Aims: To examine gender differences in program completion and glycemic outcomes for patients with type 2 diabetes (T2D) in a remote patient monitoring (RPM) program for diabetes management. Methods: Based on data from an RPM program that enrolled post-discharge T2D patients (n = 1645) in 2014–2017, logistic regression models were estimated to assess gender difference in the likelihood of completing the three-month RPM program; whereas ordinary least squares (OLS) regression models were used to examine gender difference in post-RPM hemoglobin A1c (HbA1c), controlling for demographics, baseline health status, including HbA1c, patient activation scores, and physiological data upload frequency for patients who had completed the program. Results: Among enrolled participants, men had lower odds of completing the three-month RPM program than women (adjusted odds ratio, 0.61; 95% confidence interval [CI], 0.39–0.95). However, among those who completed the program, men had lower post-RPM HbA1c than women (−0.18; 95% CI, −0.33, −0.03) after controlling for baseline HbA1c and other covariates. Conclusions: While female patients with T2D were more likely to complete the RPM program, they showed a higher glycemic level at the end of the program compared to male patients. To close gender disparities in health, interventions through telemedicine tailored towards women's diabetes outcomes and men's engagement level are warranted.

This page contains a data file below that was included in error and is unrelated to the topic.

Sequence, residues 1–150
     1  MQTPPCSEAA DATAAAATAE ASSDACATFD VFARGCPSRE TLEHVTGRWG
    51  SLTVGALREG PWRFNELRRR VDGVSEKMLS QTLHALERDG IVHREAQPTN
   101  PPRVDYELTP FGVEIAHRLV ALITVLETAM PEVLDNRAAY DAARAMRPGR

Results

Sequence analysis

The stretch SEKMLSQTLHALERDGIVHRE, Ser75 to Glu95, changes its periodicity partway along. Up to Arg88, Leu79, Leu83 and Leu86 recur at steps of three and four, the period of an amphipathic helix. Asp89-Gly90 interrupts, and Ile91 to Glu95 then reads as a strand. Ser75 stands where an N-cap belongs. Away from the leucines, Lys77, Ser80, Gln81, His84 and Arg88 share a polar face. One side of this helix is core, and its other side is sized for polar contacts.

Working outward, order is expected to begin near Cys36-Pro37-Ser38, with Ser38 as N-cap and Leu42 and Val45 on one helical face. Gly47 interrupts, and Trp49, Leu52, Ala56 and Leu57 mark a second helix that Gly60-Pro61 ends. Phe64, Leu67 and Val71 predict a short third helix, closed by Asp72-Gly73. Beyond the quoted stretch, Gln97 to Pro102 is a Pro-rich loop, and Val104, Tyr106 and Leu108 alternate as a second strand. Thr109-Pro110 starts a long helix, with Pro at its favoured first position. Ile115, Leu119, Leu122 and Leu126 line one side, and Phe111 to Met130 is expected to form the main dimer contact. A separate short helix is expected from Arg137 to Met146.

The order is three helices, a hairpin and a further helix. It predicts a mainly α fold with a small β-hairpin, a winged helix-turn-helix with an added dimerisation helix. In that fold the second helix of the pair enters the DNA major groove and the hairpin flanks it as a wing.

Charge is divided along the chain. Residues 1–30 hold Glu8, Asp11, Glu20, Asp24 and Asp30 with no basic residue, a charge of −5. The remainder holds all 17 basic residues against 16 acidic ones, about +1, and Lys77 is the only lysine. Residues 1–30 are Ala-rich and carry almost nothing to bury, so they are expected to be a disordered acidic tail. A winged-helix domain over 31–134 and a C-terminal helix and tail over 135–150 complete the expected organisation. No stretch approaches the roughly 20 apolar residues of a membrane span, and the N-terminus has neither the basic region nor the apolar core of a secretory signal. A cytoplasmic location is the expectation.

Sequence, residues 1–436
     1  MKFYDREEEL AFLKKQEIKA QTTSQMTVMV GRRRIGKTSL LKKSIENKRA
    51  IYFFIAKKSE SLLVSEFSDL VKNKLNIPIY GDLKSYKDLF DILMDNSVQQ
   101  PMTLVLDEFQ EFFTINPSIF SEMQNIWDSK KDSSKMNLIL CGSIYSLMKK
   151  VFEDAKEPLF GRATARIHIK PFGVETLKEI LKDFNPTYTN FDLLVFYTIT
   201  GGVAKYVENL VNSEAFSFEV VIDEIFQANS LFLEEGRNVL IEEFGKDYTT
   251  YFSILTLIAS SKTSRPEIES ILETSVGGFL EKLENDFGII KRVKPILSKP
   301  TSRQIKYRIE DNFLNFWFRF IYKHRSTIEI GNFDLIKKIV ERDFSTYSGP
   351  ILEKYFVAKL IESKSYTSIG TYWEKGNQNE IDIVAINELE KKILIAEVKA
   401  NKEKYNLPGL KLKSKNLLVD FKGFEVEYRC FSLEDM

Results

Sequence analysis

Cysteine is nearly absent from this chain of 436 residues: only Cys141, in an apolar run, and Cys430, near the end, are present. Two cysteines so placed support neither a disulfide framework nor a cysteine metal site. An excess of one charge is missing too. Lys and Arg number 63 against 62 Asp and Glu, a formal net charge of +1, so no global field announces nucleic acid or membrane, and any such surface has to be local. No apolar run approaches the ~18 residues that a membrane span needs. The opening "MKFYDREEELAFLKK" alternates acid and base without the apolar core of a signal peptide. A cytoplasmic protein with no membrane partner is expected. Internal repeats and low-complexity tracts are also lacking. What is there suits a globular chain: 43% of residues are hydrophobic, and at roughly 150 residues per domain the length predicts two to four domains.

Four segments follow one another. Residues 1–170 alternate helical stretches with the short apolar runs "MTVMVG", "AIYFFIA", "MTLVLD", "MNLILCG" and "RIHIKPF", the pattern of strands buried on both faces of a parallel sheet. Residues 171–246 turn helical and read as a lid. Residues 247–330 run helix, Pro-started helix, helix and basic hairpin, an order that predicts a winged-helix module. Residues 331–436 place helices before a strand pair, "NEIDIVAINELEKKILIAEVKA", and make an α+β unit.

Original languageEnglish (US)
Article number107944
JournalDiabetes Research and Clinical Practice
StatePublished - Jan 2020


  • Engagement
  • Gender disparities
  • HbA1c
  • Program participation
  • Telemedicine
  • Type 2 diabetes

ASJC Scopus subject areas

  • Internal Medicine
  • Endocrinology, Diabetes and Metabolism
  • Endocrinology


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